Fifteen years ago Jim Wittenburg was new in town from Silicon Valley and he wanted to start a business in Colorado Springs.
“Everyone I went to was willing to talk to me,” he said.
Now, he’s retired. And, he’s willing to talk to any entrepreneur in need of help. Wittenburg is a volunteer at Service Corps of Retired Executives, SCORE.
The Colorado Springs chapter of SCORE is on a mission to recruit volunteers, step up its marketing and double the number of clients its serves in 2012.
The all-volunteer organization exists to help budding entrepreneurs jump into the small business world and help small business owners grow their business. Last year, the Colorado Springs SCORE counselors met with about 800 clients and hosted workshops for 1,400 people interested in starting their own business.
“SCORE puts the rudder on the business to give them direction,” said Jerry Musselman, chair of the local SCORE chapter.
SCORE is sponsored by the Small Business Administration and works in tandem with the Small Business Development Center.
The group recruits volunteers from a variety of business backgrounds from administration, to marketing to finance. And, Musselman said, its volunteer experts are not just retired business executives but people still in the work force. The idea is to provide expert knowledge to local entrepreneurs and grow small business in Colorado Springs.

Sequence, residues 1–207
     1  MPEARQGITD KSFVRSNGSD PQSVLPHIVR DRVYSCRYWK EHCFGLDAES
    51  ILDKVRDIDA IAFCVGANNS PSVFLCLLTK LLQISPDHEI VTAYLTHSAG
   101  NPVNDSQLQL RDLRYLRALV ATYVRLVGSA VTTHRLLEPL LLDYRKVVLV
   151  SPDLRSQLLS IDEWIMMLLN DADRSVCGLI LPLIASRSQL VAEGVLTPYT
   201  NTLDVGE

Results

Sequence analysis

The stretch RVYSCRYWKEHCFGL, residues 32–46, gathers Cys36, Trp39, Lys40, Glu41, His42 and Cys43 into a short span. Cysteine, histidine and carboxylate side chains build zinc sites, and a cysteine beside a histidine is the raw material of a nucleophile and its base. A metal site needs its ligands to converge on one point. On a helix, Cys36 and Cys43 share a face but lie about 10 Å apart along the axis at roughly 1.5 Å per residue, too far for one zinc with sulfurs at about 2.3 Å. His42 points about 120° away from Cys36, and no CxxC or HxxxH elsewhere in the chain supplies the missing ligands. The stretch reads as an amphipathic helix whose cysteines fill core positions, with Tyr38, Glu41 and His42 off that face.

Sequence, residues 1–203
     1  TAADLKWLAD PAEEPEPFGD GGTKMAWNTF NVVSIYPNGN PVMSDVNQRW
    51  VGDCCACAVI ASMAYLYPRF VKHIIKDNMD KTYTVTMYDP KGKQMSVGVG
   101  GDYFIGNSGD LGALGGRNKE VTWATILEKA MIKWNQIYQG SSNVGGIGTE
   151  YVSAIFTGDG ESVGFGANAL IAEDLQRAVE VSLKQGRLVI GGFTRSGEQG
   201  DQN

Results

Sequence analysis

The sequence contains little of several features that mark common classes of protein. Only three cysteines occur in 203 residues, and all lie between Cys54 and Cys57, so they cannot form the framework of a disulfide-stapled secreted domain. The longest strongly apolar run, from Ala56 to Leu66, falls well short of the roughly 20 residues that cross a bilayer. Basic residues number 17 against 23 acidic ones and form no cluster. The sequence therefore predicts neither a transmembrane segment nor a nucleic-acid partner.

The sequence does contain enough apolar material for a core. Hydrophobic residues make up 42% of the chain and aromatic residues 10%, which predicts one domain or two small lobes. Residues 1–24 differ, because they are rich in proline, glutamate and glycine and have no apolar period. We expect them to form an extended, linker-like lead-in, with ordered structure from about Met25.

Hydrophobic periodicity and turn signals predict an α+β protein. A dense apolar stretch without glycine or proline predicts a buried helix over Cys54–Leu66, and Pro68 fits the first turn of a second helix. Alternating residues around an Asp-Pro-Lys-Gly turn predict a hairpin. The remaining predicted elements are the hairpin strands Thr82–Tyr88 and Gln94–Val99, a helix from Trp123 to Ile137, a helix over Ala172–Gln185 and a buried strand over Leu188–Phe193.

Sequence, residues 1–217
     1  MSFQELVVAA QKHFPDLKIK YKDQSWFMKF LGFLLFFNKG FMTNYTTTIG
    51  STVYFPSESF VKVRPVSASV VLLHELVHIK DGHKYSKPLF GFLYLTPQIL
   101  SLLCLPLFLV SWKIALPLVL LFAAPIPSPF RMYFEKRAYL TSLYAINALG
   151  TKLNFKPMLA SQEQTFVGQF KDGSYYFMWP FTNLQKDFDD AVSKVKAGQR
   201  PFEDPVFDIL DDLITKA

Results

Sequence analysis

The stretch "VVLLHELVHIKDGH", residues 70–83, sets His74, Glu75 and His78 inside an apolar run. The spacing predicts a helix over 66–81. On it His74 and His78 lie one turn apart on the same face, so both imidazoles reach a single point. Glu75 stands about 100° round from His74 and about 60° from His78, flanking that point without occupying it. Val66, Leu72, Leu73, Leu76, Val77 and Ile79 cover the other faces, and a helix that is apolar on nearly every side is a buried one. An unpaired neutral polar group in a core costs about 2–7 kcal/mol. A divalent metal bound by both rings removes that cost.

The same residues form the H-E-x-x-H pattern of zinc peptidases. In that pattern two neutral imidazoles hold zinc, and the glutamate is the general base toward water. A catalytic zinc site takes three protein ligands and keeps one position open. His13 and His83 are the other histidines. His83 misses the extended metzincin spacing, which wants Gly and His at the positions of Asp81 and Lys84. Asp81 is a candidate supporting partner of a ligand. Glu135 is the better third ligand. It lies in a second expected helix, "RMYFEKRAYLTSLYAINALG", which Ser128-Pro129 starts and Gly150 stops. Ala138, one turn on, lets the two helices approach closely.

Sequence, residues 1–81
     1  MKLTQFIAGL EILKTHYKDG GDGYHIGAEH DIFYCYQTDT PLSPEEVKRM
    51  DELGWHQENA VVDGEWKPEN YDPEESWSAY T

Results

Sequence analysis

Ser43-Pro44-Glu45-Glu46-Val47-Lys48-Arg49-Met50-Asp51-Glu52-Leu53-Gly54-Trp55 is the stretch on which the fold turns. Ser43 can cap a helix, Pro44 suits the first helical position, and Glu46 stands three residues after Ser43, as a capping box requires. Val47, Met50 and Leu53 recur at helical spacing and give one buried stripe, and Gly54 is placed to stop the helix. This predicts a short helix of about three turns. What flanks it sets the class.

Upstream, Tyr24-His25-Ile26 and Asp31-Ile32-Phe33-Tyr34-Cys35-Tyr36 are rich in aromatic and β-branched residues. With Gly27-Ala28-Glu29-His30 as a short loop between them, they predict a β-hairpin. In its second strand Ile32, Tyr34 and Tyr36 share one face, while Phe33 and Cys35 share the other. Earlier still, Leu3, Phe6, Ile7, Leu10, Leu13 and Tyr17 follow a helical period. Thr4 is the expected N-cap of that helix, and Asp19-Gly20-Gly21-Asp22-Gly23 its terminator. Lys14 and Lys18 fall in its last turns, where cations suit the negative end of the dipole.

The group offers counseling to the up and coming small business owner and to the experienced owners too in a program the call SCOREplus. SCORE volunteers will assemble a team to review a business plan and brainstorm new business strategies, Musselman said. Many small businesses are using the SCORE team and business plan review as a “health check” – to see if they are on track, he said.
The organization hosts 15 Business Basics workshops, including workshops on area military installations. It also has follow-up seminars on business research, market strategies, accounting, financial projections and financing.
In order to expand its offerings and add more workshops, the group needs to double its volunteer corps. On average, the group is asking for about a two to three hour commitment.
Wittenburg said the organization will start tracking the number of businesses that are launched or expand because of SCOREs help.
“We will have more extensive surveys of the business to ask them if they reached their goals,” he said.